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Each issue will include an editorial on a topic that is important for the profession of pharmacy, as well as a review of a new drug that includes a comparison of the new drug with previously marketed drugs that are most similar in activity, and a New Drug Comparison Rating (NDCR) for the new drug. Read on for this month's issue.
January 2008 Issue
Postscript to the December Editorial
New Drug Review
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HAPPY NEW YEAR! Resolutions for Our Profession
With the arrival of a new year many of us make personal resolutions. In this commentary I am suggesting some resolutions for our profession. However, many pharmacists will have to be personally involved if these resolutions are to be accomplished.
There will be many who respond to this resolution by saying they do not have enough time to be involved, and I understand that there are periods of time in our careers in which we have little or no discretionary time to devote to activities of our profession. I respect and am an advocate for the establishment of personal priorities and attaining the best balance of commitments with respect to our faith, family, friends, employment responsibilities, and profession. However, too often, a "lack of time" becomes a convenient excuse for a lack of will and commitment. If you are not in a position to be a participant, leader, and/or activist now, look ahead and anticipate/plan when you will be.
- We must provide, to a much greater extent, the services, counseling, and monitoring with respect to drug therapy that we claim to be capable of providing. There are some excellent examples of pharmacists providing medication therapy management and other professional services. However, these initiatives are far too few in number and invisible to much of the public.
- We must make a stronger commitment to increase our professional skills and expertise. We claim to be drug experts. Many practicing pharmacists are not! We have an obligation to our patients, our profession, and ourselves to be competent and skilled in the practice responsibilities we are licensed to provide.
- We must take ownership of the responsibility for assuring optimum drug therapy. This will require collaboration with prescribers and other health professionals. If we have the drug therapy expertise we claim to have, why have we had to observe physician assistants and nurse practitioners pass us as they assume authority with respect to drug therapy (e.g., prescribing) that we do not have? We must be the advocates for and guardians of effective and safe drug therapy for our patients.
- We must no longer tolerate short-staffing situations and stressful working conditions that increase the risk of errors. Employers who persist with policies and expectations that place patient safety in jeopardy must be challenged. If they refuse to make appropriate changes, you should not let them continue placing your license at risk. Changing positions may not be easy but there is a shortage of pharmacists and better opportunities are available.
- We must have more extensive and effective communication among pharmacists. Many local pharmacy associations no longer exist and some state associations are weak to the point of having limited effectiveness and value. Even in an era of rapid dissemination and retrieval of information, many pharmacists are not familiar with, or are ignoring, important issues and challenges facing our profession. If pharmacists do not have an awareness and understanding of these issues to an extent that facilitates effective communication with other pharmacists, how can we expect to be effective in communicating our concerns to legislators and the public whose support we hope to secure? We must strengthen our local and state associations!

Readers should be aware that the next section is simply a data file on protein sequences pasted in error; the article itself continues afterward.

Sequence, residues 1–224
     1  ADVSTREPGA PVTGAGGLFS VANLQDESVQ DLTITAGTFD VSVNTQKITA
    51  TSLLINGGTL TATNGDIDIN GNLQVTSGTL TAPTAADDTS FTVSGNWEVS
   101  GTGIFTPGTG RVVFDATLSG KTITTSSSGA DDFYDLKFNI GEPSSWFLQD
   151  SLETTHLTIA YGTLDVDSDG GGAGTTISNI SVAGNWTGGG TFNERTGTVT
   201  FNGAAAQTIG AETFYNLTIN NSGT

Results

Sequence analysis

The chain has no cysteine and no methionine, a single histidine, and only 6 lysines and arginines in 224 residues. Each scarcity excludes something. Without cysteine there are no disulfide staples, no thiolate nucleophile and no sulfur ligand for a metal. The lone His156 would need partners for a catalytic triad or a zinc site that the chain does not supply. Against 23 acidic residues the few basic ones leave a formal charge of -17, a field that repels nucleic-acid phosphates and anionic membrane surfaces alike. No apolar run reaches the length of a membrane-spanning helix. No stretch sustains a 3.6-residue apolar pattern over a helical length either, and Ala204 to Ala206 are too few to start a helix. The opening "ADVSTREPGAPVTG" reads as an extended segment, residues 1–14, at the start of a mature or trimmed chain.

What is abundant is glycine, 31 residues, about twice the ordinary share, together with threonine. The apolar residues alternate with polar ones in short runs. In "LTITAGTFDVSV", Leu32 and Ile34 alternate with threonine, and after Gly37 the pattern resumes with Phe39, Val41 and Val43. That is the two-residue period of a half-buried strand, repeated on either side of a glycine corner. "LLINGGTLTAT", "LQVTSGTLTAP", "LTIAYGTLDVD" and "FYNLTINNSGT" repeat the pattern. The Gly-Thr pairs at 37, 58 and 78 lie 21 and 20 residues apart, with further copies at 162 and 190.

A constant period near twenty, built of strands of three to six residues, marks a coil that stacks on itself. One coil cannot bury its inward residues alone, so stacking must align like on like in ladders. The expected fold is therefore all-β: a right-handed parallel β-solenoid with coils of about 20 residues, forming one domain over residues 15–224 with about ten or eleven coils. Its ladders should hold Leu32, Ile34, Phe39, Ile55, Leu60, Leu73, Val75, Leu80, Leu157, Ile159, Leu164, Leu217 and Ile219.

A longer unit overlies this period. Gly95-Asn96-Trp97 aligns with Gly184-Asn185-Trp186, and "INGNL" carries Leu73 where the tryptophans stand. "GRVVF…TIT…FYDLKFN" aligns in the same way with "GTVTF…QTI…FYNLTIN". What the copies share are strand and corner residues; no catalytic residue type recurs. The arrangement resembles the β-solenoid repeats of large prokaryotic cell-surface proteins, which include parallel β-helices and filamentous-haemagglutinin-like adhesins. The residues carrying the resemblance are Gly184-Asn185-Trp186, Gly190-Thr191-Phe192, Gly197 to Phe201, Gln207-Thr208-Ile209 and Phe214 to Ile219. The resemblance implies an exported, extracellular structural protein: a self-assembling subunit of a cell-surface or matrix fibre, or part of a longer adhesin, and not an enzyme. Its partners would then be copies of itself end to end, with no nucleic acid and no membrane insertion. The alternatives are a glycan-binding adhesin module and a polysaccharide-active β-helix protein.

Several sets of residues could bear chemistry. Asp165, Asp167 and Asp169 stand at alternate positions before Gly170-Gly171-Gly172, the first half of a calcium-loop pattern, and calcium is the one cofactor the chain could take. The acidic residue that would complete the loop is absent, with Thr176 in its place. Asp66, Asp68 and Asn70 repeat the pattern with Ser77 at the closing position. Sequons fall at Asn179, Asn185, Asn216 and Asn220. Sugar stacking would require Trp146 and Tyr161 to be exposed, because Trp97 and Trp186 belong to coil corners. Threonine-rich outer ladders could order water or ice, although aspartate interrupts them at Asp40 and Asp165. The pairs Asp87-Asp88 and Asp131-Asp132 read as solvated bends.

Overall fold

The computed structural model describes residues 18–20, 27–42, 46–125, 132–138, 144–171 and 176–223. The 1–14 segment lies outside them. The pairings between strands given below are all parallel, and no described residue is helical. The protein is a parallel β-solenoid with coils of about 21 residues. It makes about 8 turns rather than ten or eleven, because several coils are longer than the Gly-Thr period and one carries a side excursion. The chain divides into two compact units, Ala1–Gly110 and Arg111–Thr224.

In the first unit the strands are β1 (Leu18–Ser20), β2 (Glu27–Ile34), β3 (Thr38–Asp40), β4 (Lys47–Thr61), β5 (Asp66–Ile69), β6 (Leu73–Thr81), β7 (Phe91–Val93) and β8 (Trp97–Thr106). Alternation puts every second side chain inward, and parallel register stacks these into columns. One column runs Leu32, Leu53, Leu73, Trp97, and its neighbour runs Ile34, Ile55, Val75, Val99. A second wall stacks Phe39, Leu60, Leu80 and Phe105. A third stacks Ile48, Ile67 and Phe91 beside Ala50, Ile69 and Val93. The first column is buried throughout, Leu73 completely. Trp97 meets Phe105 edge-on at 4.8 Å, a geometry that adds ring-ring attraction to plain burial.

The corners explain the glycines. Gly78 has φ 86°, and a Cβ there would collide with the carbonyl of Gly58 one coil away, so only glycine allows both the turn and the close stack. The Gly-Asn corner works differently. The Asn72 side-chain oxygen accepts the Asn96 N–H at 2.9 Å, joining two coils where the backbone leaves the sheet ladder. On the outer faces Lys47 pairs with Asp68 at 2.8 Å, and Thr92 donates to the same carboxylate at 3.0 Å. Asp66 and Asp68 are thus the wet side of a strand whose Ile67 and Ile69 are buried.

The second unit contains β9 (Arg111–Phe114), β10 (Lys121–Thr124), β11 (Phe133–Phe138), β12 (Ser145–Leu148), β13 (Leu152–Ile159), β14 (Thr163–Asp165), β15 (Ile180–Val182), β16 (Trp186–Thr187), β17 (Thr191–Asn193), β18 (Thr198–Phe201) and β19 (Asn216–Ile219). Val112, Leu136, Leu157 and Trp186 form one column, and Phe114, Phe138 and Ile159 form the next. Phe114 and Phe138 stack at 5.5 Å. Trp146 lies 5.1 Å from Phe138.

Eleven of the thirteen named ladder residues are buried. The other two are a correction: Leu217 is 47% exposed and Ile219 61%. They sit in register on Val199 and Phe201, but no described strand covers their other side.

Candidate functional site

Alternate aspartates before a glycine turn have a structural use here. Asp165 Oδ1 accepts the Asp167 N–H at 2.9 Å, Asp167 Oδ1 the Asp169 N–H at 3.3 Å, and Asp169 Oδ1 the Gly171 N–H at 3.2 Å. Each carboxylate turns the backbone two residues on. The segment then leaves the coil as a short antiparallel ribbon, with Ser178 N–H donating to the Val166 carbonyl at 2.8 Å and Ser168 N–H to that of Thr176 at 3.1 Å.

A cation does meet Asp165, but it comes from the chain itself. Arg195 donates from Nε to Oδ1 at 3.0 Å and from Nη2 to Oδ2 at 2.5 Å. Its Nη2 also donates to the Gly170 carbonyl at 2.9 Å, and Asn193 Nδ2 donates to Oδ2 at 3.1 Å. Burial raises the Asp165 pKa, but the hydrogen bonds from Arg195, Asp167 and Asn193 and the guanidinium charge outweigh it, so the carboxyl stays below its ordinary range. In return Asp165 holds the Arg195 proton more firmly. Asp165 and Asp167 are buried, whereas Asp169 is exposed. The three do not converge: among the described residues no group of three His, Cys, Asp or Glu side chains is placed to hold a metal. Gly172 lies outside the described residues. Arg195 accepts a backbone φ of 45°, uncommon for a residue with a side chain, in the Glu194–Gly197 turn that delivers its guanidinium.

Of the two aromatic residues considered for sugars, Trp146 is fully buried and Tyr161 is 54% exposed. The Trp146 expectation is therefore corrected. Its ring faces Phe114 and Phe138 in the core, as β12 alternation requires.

- The leaders of our national associations of pharmacists must address the question, "What organizational structure will best serve the profession in responding to the problems, challenges, and opportunities that we face now and can anticipate in the future?" They must then act to promptly and effectively establish this structure. The title for my editorial in the January 2007 issue of The Pharmacist Activist was, "A New Year, an Old Theme." My opinion that there is an urgent need for a more effective national organizational structure was the focus of this editorial, and I have also addressed this issue in editorials in other publications in recent years. Soon after the publication of the January 2007 editorial, I was informed by leaders of several of the national associations that the Joint Commission of Pharmacy Practitioners was addressing this issue and that I could look forward to some positive action. Another year has gone by and I have heard nothing further. If progress has been made, it is being kept a secret. I will wait another year and address this topic again in my January 2009 editorial. If substantive action in addressing this matter has not been taken by that time, I will propose a national organizational structure for the profession that I anticipate will capture the imagination and support of many within our profession. Some will say that one year is not a long period of time and that I am too impatient. I will respond that I have been too patient and have waited 40 years to see progress made in this area. The major changes that have been made over that period of time are that we now have more national pharmacy associations rather than an organizational structure that best serves the needs of the profession, and not just the individual constituencies of the profession.
- We must have much more extensive and effective communication with our legislators. The geographical distribution and accessibility of pharmacists provide an opportunity for legislative influence that is second to no other profession or vocation. However, we are not even close to reaching our potential in this regard.
- We must accomplish the changes in legislation that will permit pharmacists and our organizations to collectively negotiate for equitable compensation for the services we provide. As noted earlier, we must provide the scope and quality of services that will be recognized and valued if we are to be successful in obtaining equitable compensation.